Peter Abelard and St. Thomas Aquinas

How was education in the medieval ages effected by Peter Abelard and St. Thomas Aquinas?

The two main leaders of the medieval time that contributed to the expansion of education were Peter Abelard and St. Thomas Aquinas.  Peter Abelard developed the dialectical method of thought process that would influence western education greatly.  Throughout most of his life, he had a great many enemies due to his high level of understanding and accomplishments he had made for himself.  Abelard sought in his book, Sic et Non, the argument of both sides to some 150 theological questions.  In Abelard’s Historia Calamitatum, he explains his life and what lead him to develop such a book as to be condemned by the church.  “I devoted myself to analyzing the basis of out faith through illustrations based on human understanding, and I wrote for my students a certain tract on the unity and trinity of God.  This I did because they were always seeking for rational and philosophical explanations.”  Unfortunately, he made enemies with people that had close connections with the legate who condemned his book and made him throw it into the flames.  The main contribution of Abelard’s in the medieval period of time was his reasoning and skills to argue for both sides.  His dialectical method of approach is still used to this day and has had a major impact on current educational understanding.

St. Thomas Aquinas contributed more to the concept of Scholastic philosophy as Abelard did.  He based everything back to church and religion and used his technique to explain with conviction about God and the universe generating support for the Christian beliefs.  His most important work was the Summa Theologica, which was supposed to provide a look into Christian theology and the universe from a nonreligious viewpoint, even though it was never finished.  In the Summa Theologica Aquinas argued whether or not God exists giving reasons for objection and proving that in fact God does exist in five ways.  It was supposed to absolve any objections to his theories so that there would be less than no room for dispute.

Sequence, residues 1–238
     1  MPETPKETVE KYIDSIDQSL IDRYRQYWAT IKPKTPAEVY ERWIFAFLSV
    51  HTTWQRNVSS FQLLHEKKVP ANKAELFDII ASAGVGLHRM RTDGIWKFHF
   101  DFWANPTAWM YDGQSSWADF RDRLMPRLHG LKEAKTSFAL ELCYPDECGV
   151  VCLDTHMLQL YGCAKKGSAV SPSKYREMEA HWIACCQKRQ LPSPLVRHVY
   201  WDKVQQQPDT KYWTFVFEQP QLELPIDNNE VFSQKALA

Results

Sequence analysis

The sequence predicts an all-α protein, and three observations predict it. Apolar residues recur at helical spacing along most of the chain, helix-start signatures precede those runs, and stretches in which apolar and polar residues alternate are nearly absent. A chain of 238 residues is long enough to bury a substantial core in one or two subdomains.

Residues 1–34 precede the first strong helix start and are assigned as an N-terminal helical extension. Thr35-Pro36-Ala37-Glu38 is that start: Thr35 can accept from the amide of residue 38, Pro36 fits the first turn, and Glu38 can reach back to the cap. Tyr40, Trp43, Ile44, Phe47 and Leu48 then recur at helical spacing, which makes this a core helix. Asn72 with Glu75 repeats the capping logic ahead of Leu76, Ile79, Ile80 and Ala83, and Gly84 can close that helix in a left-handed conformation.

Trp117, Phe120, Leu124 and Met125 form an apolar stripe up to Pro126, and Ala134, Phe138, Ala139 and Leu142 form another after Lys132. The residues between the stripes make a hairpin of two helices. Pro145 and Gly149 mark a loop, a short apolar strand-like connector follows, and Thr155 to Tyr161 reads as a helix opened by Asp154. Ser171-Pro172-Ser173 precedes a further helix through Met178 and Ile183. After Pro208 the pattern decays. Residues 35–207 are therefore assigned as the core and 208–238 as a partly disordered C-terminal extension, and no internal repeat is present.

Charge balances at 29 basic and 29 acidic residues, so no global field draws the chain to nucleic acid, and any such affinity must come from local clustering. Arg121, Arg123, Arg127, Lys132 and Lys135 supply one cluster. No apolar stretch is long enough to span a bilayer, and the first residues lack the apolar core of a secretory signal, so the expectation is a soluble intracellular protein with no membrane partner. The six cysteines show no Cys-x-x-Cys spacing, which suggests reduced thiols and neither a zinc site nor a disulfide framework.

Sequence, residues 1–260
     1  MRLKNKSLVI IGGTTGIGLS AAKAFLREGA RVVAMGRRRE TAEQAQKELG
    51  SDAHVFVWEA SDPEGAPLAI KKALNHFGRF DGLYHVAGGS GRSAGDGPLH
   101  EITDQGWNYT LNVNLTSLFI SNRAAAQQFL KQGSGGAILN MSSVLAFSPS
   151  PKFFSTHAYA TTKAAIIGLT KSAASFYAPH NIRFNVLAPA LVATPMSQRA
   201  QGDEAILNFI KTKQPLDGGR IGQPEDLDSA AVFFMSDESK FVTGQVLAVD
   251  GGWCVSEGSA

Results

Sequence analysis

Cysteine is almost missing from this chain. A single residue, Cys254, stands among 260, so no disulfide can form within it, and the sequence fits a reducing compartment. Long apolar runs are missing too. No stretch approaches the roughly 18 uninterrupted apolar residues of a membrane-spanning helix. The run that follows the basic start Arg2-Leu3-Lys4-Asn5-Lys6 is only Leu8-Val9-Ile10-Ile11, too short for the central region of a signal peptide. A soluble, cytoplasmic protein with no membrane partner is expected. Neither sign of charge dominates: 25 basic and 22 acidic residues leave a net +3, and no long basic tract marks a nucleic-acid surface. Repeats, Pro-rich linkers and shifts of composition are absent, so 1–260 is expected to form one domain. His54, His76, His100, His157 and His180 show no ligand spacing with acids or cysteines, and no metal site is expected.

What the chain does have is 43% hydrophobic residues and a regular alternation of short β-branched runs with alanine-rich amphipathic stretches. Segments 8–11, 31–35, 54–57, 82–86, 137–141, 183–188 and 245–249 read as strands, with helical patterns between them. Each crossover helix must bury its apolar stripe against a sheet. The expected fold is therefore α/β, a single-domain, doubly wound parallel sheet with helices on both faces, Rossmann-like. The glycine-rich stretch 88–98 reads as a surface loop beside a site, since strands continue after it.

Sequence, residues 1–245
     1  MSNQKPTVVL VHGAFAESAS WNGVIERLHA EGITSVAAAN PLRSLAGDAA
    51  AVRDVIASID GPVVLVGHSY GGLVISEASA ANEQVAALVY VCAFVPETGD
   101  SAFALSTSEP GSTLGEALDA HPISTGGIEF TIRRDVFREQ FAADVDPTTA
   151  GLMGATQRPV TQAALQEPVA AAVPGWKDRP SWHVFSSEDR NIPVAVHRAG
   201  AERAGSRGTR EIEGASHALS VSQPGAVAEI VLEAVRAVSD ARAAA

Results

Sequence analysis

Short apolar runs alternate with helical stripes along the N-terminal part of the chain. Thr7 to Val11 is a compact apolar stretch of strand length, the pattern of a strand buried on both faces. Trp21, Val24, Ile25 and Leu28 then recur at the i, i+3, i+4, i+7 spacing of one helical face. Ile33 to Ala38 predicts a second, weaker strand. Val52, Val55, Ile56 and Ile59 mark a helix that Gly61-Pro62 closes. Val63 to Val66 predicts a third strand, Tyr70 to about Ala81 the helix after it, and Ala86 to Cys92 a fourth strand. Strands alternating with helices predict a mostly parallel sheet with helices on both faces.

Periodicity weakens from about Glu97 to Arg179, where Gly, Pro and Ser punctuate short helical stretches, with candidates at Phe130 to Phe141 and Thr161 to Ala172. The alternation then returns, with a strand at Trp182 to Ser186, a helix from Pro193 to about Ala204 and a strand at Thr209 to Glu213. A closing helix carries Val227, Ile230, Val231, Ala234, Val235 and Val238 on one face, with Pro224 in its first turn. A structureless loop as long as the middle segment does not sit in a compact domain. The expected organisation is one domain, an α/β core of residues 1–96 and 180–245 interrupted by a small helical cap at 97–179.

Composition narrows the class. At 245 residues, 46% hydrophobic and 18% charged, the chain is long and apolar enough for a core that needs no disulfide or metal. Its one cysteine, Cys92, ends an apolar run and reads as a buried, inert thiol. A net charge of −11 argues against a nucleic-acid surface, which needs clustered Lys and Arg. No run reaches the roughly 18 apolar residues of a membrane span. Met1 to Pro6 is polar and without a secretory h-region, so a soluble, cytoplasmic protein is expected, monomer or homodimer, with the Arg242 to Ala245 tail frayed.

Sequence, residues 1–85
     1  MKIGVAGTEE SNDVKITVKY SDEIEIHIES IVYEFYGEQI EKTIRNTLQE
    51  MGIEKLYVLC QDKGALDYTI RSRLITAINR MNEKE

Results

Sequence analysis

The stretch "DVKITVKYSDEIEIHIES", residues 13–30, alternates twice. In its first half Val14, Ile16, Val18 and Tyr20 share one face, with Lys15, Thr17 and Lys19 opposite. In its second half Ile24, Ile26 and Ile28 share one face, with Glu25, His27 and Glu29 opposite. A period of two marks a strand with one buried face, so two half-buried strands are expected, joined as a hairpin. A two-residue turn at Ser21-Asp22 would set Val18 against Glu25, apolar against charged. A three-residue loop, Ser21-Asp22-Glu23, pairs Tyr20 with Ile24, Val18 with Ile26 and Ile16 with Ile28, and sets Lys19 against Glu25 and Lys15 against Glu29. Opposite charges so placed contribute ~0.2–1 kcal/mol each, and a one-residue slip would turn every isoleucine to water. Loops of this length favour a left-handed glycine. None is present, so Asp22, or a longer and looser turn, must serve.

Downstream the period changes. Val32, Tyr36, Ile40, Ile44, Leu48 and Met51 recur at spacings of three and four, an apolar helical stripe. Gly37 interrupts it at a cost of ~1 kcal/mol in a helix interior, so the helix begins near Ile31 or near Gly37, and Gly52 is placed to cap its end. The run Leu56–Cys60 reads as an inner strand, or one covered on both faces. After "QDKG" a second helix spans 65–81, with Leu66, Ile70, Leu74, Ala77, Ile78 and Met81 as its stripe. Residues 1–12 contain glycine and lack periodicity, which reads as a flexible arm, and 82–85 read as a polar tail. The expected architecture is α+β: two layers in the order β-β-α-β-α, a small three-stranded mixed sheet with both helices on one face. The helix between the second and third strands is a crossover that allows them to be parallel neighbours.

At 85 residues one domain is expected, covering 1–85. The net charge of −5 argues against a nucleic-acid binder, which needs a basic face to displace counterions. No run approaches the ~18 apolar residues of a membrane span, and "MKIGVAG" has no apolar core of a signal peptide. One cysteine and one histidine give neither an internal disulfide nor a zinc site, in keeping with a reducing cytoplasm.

Two other works, the Summation of the Catholic Faith and the Summation of Knowledge, are also works done by Aquinas and express reasons theologically about certain issues.  In the Summation of the Catholic Faith Aquinas talks about the difference between humans being able to disconcert from mortal reason and divine reason.  Aquinas states that there is an inability for humans to attain some information that only God can understand, “Some truths about God exceed all the ability of the human reason.  Such is the truth the God is triune.  But there are some truths which the natural reason is able to reach.  Such are that God exists.”  Human do not have a high enough level of comprehension as Aquinas compares that an uneducated farm worker would not understand the vast philosophical intellect of a scholar.

In the Summation of Knowledge Aquinas theorizes on an array of everyday fundamental things such as the sins related with trade; for example, of cheating which is committed when you buy or sell something or the sin of usury.  Aquinas would present a topic, give objections to it, and then refute those objections.  For the topic of the cheating which is committed when someone buys or sells something, Aquinas goes on to say that one objection would be that “it would seem lawful to sell something for more than it is worth.”  However, he later refutes this point by saying that no man should sell something for more than it is worth because they would not want to buy something that was sold to them for more than it was worth.  Aquinas continues to go and make further objection while later contradicting them.

Aquinas’s work went on to inspire such great thinkers as St. Bonaventure who continued on with Aquinas’s theories and wanted to help humans be able to understand the existence of God and the universe around them using the new type of theological questioning.

Both of these men dedicated their lives to education and furthering it to new levels of philosophical understanding.  They both contributed to the development of a better learning system and establishment of a better learning institution.


~ by wolfangel87 on February 1, 2011.

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